• Related Heading Label – contains references to other related authority records. The <related> element includes one or more names or terms (i.e., descriptors as above) that have some relation to the authoritative heading and is a legitimate, authoritative heading of its own. The <related> element is equivalent to a "see also" reference in a library catalog. The relationship between the related and the authoritative heading may be expressed in the type attribute of the <related> element.

There may be any number of <variant> and/or <related> elements in a MADS record. Both of these elements are composed of the same descriptors (subelements) as used under <authority>.

MADS Other Top Level Elements

The following additional elements have been defined to provide additional information about the authoritative heading or the entity that it represents:

The following element provides administrative information about the record and its metadata rather than about the <authority> itself:

Implementation Notes

Cataloging Rules

Any set of cataloging rules may be used with MADS, as is the case with MODS and MARC 21.

Punctuation

If using International Standard Bibliographic Description (ISBD) or other punctuation in creating MADS records, punctuation should be retained if it occurs within an element, but should be dropped between elements. If desired, an XSLT stylesheet may be used to generate an ISBD or other eye-readable display from the MADS elements and data, for instance the dash used in LCSH headings between facets.

EXAMPLE

MADS metadata:

<authority>
<topic>Academic libraries</topic>
<topic>Automation</topic>
<genre>Bibliography</genre>
</authority>

User readable Display after XSLT transformation:

Academic libraries--Automation--Bibliography

MADS Record Identifier

It is expected that a MADS record would have its own unique ID in addition to any other identifiers associated with the authority (which are indicated under <identifier>). The MADS record identifier is indicated in <recordInfo><recordIdentifier>.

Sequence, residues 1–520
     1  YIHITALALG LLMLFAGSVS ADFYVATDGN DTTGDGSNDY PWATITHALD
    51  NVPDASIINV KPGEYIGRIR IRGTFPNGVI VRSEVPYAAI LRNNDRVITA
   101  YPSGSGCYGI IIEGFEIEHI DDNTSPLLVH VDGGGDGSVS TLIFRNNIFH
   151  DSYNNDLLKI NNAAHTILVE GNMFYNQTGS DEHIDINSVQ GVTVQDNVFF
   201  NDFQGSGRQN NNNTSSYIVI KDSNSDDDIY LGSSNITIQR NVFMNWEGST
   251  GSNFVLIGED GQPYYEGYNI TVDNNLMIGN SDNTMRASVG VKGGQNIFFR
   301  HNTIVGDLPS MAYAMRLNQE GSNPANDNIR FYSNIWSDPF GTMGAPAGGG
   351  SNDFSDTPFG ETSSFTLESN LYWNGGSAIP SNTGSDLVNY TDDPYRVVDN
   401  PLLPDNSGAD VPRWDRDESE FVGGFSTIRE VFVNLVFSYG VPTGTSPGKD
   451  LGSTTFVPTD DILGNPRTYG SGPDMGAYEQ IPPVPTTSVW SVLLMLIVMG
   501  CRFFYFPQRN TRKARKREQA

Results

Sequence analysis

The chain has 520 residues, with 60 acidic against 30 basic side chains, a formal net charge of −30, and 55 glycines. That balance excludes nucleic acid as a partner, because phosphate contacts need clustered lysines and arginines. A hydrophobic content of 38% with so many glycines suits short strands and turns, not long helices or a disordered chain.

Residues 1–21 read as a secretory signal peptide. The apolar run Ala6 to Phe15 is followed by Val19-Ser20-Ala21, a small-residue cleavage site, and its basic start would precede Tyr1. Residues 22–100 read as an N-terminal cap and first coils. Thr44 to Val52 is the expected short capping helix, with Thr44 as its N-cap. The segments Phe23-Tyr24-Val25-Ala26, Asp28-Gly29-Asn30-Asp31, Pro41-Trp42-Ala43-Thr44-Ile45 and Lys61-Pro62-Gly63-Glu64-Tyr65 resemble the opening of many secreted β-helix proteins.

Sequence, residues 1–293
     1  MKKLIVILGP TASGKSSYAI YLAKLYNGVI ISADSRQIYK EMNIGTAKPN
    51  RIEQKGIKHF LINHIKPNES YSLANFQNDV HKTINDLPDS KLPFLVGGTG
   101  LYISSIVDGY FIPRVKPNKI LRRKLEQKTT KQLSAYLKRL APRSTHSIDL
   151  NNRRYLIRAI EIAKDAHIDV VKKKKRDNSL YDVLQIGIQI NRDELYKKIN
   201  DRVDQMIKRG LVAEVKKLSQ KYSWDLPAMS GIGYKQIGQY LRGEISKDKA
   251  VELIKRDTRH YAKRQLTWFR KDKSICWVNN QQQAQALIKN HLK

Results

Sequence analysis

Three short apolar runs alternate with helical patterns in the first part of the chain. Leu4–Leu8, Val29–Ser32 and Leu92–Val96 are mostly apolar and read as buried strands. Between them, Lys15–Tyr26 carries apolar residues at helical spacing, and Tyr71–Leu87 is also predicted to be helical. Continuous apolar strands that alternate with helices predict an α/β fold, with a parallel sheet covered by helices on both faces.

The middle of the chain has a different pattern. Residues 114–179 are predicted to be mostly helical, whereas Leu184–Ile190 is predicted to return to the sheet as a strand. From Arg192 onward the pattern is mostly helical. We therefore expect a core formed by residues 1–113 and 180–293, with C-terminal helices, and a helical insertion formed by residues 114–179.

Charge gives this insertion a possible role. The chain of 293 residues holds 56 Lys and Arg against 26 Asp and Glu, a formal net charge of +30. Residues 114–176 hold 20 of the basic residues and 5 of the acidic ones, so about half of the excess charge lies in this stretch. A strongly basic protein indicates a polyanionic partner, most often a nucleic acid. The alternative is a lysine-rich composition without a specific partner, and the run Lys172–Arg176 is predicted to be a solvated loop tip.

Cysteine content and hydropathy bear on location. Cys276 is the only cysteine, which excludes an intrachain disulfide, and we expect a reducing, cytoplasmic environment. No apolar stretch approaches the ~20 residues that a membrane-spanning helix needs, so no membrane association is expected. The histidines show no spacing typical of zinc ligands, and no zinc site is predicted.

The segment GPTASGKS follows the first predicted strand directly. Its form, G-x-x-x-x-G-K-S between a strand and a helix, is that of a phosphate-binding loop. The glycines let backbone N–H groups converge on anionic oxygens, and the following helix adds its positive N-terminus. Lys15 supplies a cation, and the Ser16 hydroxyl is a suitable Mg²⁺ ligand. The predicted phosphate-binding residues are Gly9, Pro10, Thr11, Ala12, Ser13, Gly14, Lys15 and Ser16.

Root Elements

All MADS elements are declared as global. This allows them to be used as root elements for instance documents, or imported into other schemas.

Mandatory Elements

The root element <mads> is mandatory. The version of MADS used may be specified with the version attribute. In version 2.0 the value "2.0" is enumerated in the schema, and thus should be used as the value if the version attribute is included.

At least one main element <authority> and at least one subelement under <authority> are mandatory.

It is recommended, although not required, to have the <recordInfo> element.

Some optional elements, if used, have mandatory subelements. See the individual element descriptions for further information. Profiles may be developed for specific applications, as needed, to specify other mandatory elements.

Order of Elements

The order of elements in the MADS schema does not assume display order. A stylesheet is used to control the display order of MADS records.

Element Repeatability

All MADS top level elements are repeatable.

Relationship between MADS and MARC 21 Elements

Most MADS elements have equivalent fields in the MARC 21 Authority Format. However, since MADS has fewer data elements than MARC authorities, records converted from MARC to MADS that are then converted back to MARC will lose some data or specificity of tagging. Where there is no equivalent MARC 21 element, the mapping section of the individual element description says: "There is no MARC 21 Authority field equivalent."

Each element and subelement description in this User Guide includes a MARC Mapping section that gives the general equivalencies between the MARC 21 Authority Format and MADS, but this is not intended to be a crosswalk that allows for bi-directional conversions without some loss of data. There is a separate mapping document.

For a summary listing of all the mappings, see the MARC 21 Authority Format Mapping to MADS Schema version 2.0.

The Library of Congress' Network Development and MARC Standards Office has developed a framework for working with MARC data in an XML environment. See the MARCXML webpage for more information.

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Last Updated: April 5, 2012